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NMOA Direct Marketing Article
Marketing to Anyone
By Jeffrey Dobkin

One of my readers asked "How do I market a product?" Yea. It's just that simple. And here's your simple answer: Invest time, money or energy. Or just pick two. Or, maybe marketing is just that simple.

The first questions about marketing take into consideration if you are marketing a product or a service, if it's local (geographic marketing) or national; industrial, business to business; to a wide or narrow niche, or a retail product through wholesalers or directly through retail stores to consumers.

Also - how much does your product cost, what is the sales cycle, and is it need-driven? Impulse? Or seasonal? Is price important? Then, is whatever you are selling needed by everyone (marketing to everyone is difficult even with a large budget) or just by a few (a great plan can be to market to a narrowly targeted niche that you can identify and reach with a highly focused campaign). For maximum effectiveness all these different possibilities have different marketing campaign strategies.

The two most important questions I saved for last: What are your sales goals? How much do you want to sell in terms of number of units or revenue goals? And finally last but certainly not least, what's in the marketing budget? You do have a budget, don't you?

Sigh... Anyhow... Here's how every plan starts.

1. Identify your most likely prospects. This is the first step in any marketing plan. Go for the ones with waving money in their hands and are ready to buy, right now.

Find the magazines that go to these "likely prospect" markets. Look up their market classifications and the specific magazines that are sent to them in the magazine directories such as Bacon's Magazine Directory, and Oxbridge Communications Directory of Periodicals, found at the reference desk of most libraries.

2. For a broad market, start out with a coherent PR or press release campaign in newspapers and magazines. I'm not talking about just writing a press release and sending it, and hoping for the best. I'm talking about a series of press releases: a campaign sustained over time that's well thought out, yet planned and created up front. What is release number one going to say? Release number two? Three and four, also. Cover letters for each release are a must*. What are you offering in each release? What is your response going to be?

To increase effectiveness and make sure your release gets the most ink, make phone calls before sending each press release asking the editor "Are you the person I should send my release to?" This sets up a "Can you help me?" relationship with the editor or media person in 20 seconds, and then alerts them to be on the lookout for your release -- especially when your cover letter starts out, "Nice speaking with you..." even if it wasn't.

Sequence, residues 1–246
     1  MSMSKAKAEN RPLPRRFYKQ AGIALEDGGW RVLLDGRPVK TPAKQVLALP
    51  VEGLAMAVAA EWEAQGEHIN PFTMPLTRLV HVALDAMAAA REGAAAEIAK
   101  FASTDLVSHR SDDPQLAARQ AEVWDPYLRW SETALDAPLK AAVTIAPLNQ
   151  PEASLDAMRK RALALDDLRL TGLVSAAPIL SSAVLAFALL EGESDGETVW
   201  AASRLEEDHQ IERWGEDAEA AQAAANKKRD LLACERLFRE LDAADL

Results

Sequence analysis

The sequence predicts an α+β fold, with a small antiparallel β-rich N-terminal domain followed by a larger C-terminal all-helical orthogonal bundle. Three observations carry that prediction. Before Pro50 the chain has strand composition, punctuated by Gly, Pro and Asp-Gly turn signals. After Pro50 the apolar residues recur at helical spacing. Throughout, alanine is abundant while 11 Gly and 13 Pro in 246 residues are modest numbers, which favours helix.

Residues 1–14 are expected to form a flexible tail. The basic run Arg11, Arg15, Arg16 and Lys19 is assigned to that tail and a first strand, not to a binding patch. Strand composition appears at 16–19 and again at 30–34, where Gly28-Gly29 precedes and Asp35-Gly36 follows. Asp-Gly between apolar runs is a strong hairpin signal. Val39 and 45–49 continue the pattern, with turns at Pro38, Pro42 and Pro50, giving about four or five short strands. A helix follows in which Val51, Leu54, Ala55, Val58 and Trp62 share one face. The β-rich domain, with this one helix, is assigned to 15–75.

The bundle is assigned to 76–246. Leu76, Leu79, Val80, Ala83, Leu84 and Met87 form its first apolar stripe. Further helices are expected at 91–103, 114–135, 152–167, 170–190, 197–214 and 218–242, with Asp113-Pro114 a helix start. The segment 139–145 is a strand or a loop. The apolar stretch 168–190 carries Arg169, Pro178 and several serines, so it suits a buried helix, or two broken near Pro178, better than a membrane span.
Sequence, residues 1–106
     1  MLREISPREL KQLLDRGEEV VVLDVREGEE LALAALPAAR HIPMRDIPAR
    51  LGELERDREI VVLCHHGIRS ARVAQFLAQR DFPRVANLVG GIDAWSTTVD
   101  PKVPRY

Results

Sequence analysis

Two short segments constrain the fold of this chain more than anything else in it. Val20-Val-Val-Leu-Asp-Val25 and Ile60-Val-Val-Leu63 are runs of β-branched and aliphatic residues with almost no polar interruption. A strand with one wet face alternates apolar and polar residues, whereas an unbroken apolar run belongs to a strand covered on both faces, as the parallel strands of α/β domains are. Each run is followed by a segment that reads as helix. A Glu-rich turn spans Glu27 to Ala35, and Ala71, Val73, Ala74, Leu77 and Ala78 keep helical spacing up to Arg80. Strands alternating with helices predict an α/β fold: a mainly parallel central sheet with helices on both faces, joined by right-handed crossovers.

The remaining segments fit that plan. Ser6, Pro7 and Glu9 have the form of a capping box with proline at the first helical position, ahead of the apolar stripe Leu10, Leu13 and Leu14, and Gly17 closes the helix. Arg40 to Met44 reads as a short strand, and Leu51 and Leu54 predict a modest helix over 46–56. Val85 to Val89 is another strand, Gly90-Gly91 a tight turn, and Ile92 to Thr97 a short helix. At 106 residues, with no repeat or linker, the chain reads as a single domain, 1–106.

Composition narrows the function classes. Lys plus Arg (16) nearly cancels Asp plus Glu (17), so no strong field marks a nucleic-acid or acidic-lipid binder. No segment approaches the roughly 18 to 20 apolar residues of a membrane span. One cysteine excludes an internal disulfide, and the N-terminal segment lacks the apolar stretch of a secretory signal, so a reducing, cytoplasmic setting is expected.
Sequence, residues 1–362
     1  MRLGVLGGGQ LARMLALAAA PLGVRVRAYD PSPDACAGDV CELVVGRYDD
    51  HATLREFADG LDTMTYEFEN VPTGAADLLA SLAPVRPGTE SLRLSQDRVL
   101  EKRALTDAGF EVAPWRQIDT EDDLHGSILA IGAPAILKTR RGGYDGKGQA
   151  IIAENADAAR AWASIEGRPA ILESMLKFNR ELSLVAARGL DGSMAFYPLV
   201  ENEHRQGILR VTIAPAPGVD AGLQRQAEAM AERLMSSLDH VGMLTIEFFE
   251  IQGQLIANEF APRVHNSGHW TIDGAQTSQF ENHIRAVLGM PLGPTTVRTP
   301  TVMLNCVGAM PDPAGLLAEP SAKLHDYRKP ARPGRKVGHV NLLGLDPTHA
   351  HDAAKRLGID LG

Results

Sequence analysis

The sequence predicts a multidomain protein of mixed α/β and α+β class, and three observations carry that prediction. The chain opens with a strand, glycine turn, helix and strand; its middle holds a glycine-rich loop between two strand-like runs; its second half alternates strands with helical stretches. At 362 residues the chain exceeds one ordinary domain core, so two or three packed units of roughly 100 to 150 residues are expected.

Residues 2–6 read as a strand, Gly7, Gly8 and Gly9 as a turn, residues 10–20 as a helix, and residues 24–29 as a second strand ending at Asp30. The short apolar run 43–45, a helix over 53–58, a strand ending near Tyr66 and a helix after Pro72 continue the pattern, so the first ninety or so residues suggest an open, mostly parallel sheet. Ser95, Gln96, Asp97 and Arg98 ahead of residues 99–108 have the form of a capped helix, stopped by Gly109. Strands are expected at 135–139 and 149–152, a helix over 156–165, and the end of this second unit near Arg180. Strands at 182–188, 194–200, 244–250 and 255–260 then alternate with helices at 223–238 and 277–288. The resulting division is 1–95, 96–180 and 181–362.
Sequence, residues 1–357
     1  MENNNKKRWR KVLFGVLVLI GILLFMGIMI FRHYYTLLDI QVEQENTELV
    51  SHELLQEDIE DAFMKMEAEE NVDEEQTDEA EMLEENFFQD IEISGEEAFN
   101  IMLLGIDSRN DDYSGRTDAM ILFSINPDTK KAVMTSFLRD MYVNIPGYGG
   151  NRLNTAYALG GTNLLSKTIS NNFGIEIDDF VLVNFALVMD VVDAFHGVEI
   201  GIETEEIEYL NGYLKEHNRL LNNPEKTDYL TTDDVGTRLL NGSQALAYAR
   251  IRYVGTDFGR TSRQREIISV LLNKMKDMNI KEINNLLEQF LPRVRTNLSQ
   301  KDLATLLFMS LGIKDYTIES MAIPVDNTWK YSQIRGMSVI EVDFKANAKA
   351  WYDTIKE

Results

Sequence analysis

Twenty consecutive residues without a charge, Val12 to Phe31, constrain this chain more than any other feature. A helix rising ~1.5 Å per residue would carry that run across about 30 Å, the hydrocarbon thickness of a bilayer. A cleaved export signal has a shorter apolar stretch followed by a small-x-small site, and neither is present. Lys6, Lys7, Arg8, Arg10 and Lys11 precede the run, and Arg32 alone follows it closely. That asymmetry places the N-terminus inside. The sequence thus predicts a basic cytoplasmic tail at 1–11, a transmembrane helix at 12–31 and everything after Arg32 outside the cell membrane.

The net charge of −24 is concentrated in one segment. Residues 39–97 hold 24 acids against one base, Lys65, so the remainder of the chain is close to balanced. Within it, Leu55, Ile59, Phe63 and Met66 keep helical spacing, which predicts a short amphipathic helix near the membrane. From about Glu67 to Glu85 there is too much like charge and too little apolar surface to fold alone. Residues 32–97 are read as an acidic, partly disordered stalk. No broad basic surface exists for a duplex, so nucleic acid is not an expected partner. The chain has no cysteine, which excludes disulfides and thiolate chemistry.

3. Create informational booklets to give away for free and offer them in your press release. Since the booklet title is totally responsible for the quantity and quality of the response, make it a great title using the Jeff Dobkin 100 to 1 rule: write 100 titles, go back and pick out your best one.

By offering a FREE Booklet you give consumers a non-threatening reason to call and something to ask for in return for raising their hand and saying they're interested. Once they call and you have them on the phone the release worked - it's up to YOU to determine their real interest and figure out how to sell them whatever you're selling.

4. Keep tight track of the response: where did it come from? Then take out ads in the most successful PR media placements.

5. For a narrow market, while the press campaign going on, start creating a mailing list of your top 250 prospects. That's right - start digging for names and addresses. Yea, it's hard work. Thankless, too. But your success depends on your mailing list.

6. Track everything carefully. Every call, every inquiry. Have a sheet of paper by every phone and ask, "And how did you hear of our company?" Write it down and put that slip of paper in a drawer. At the end of a few months count the slips for each, you'll know exactly what's working.

7. Create quality literature and cover letters.

8. Mail to your Top 250. Mail to your best prospects frequently, every 4 to 6 weeks. If you can't identify your market tight enough and make this mailing work, you're in trouble.

9. Test and retest small ads in various media. Don't forget to look at low cost unusual advertising opportunities such as association newsletters, church bulletins and so forth.

10. Keep marketing to wherever the best prospects and most sales are coming from. Clone your best customers: Figure out where they came from, what they like, why they purchase - and look for more of the same.

11. Buy my book, Successful Low Cost Direct Marketing Methods. Best $30 bucks you'll ever spend on marketing. Besides, I need the money.

About the Author:
Jeff Dobkin is a speaker and a marketing consultant (marketing plans, pr, market strategy, plan analysis: audits and review, media review) who happens to be an amazing writer (corporate literature, articles, brochures, ads, collateral, annual reports, technical material), specializing in direct-selling print and web (DR Ads, catalogs, TV scripts, web copy) and direct marketing material (letters, direct mail, mailing packages brochures, catalogs, web copy and did I mention post cards?) He's also pretty darn good at analyzing catalogs, ads and campaigns and direct mail packages. He has written over 250 articles and 5 books on direct marketing. He can be reached at 610-642-1000. Visit Dobkin.com and DanielleAdams.com for some of his other articles.

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